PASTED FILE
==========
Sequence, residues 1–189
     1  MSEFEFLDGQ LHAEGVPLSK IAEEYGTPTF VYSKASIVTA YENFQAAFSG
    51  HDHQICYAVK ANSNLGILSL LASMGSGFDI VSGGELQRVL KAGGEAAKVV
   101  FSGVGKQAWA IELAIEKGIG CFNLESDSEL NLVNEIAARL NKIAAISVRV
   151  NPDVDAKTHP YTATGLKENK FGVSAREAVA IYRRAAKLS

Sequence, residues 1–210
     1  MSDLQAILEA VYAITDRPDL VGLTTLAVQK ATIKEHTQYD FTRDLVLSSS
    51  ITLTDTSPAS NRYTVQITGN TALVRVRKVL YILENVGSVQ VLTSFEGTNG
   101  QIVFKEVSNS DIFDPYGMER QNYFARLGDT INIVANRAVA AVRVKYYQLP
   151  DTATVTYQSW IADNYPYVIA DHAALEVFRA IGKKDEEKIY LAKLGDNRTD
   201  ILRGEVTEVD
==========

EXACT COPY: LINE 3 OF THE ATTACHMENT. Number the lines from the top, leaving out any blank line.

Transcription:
    51  HDHQICYAVK ANSNLGILSL LASMGSGFDI VSGGELQRVL KAGGEAAKVV